Where applicable, CPO is responsible for consultation under the Endangered Species Act (ESA) and National Historic Preservation Act (NHPA) with the relevant federal, state, or Tribal agencies. CPO will require applicants or their contractors to assist in preparing documents or studies related to these consultations.
Applicants are encouraged to familiarize and orient themselves with state, Tribal, and local government concerns regarding their proposed projects and to involve state, Tribal, and local governments and agencies at an early stage in the process. Only federal agencies, however, can engage in formal government-to-government consultation with federally recognized Tribes.
The applicant is responsible for complying with all laws that apply directly to project sponsors, such as the Clean Air Act (CAA) (42 U.S.C. 7401 et seq.), Clean Water Act (CWA) (33 U.S.C. 1251 et seq.), and Resource Conservation and Recovery Act (RCRA) (42 U.S.C. 6901 et seq.). The CHIPS Program Office (CPO) does not apply for or obtain required permits on behalf of applicants but will request that applicants provide CPO with information related to the status of applicant’s required permits and authorizations.
Applicants are also responsible for completing the Environmental Questionnaire included in the pre-application and application materials.
Finally, CPO will direct applicants to conduct required technical analyses and prepare draft environmental documents that are required for the environmental review under the National Environmental Policy Act (NEPA) and as directed by CPO.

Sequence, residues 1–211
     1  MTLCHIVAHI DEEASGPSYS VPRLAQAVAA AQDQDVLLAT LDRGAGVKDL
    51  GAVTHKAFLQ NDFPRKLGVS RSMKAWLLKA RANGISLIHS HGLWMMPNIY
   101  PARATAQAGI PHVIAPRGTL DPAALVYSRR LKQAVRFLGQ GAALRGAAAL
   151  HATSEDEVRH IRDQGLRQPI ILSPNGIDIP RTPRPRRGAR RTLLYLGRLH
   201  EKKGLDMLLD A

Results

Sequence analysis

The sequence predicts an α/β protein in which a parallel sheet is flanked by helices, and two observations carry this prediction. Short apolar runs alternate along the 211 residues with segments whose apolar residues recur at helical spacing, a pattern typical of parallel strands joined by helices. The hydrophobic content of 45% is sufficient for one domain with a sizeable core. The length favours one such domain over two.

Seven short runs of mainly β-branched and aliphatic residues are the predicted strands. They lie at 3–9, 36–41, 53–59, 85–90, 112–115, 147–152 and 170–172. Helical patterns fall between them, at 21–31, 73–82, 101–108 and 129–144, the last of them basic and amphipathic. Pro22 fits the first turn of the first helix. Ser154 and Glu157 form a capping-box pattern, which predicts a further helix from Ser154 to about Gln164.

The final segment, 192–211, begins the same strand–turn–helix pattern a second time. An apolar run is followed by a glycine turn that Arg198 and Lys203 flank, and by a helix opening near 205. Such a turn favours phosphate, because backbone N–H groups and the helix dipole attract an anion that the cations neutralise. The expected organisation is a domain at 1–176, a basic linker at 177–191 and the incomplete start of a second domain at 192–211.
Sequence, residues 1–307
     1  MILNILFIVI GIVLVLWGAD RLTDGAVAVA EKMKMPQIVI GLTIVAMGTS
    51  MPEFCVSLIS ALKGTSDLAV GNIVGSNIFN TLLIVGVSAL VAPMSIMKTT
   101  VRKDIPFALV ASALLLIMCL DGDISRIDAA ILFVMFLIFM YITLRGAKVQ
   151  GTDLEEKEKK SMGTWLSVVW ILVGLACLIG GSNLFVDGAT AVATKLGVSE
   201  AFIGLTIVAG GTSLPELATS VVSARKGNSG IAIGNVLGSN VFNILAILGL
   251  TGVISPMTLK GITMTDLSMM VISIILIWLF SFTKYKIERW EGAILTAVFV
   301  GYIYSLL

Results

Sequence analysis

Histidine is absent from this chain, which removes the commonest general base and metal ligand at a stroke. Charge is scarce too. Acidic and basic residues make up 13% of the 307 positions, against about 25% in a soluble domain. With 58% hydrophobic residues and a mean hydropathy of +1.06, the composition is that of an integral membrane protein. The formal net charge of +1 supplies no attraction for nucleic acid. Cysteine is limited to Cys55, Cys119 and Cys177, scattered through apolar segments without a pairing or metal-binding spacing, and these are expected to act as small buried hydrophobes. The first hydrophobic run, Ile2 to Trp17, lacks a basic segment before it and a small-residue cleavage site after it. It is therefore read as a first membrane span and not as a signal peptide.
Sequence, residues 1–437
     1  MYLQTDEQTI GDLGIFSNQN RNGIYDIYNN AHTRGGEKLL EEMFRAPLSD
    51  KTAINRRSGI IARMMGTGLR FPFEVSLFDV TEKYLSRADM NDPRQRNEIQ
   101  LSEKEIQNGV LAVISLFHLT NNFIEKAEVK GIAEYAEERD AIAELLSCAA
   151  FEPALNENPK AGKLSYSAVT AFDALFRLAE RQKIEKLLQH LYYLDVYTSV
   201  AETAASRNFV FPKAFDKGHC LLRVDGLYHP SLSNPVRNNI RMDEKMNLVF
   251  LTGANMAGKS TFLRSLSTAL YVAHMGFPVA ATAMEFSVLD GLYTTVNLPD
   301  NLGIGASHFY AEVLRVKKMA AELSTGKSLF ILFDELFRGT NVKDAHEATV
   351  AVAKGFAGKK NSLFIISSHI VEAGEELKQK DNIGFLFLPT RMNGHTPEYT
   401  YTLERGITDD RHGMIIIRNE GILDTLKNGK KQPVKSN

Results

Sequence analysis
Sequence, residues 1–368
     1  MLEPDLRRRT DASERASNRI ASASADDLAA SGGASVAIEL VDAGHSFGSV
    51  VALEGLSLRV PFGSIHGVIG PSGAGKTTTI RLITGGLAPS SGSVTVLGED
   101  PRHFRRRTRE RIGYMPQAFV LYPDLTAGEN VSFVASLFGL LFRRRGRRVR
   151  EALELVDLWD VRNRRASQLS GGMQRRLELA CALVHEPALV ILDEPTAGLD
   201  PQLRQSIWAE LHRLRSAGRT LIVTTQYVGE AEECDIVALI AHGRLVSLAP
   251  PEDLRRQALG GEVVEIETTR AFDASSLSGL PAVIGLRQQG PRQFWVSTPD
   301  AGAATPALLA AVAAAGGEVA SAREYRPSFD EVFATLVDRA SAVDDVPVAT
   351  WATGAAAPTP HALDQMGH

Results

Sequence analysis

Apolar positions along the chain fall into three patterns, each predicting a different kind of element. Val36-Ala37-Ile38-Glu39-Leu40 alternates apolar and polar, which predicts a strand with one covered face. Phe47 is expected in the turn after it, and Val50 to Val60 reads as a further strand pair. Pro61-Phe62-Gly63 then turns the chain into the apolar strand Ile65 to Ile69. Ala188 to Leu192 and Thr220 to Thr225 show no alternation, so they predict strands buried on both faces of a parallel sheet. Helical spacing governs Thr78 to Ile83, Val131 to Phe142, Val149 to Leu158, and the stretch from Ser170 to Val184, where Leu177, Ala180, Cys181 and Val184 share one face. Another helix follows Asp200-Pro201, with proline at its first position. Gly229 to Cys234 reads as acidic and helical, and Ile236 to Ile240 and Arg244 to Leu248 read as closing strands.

There are three levels of National Environmental Policy Act (NEPA) review: environmental impact statement (EIS); environmental assessment (EA); and categorical exclusion (CE). The CHIPS Program Office (CPO) determines the appropriate level of review for each action based on the scope of the action covered by NEPA and the environmental impacts that are likely to result. For applications submitted under the CHIPS Incentives Program—Commercial Fabrication Facilities Notice of Funding Opportunity (NOFO), CPO intends to make this determination after agreeing on the Preliminary Memorandum of Terms described in Section V.C.1 of the NOFO.
CPO will require the applicant to submit environmental information, such as maps, surveys and technical studies, for use in CPO’s NEPA process. CPO will also direct applicants to prepare a draft environmental document (e.g., EA, EIS) under CPO’s supervision, consistent with CPO procedures for applicant-prepared environmental documents.
If a proposed action falls into an available categorical exclusion (CE) -- i.e., a category of action that CPO has determined normally does not significantly affect the quality of the human environment -- CPO will determine if extraordinary circumstances are present. If not, or if significant effects can be avoided despite the presence of extraordinary circumstances, CPO will apply the CE.
If a proposed action is not likely to have significant environmental effects but does not fall into an available CE, CPO will work with the applicant to prepare an EA, which is a more concise analysis than an EIS. Following the EA, CPO may conclude that the action will have no significant effects and document that conclusion in a finding of no significant impact (FONSI).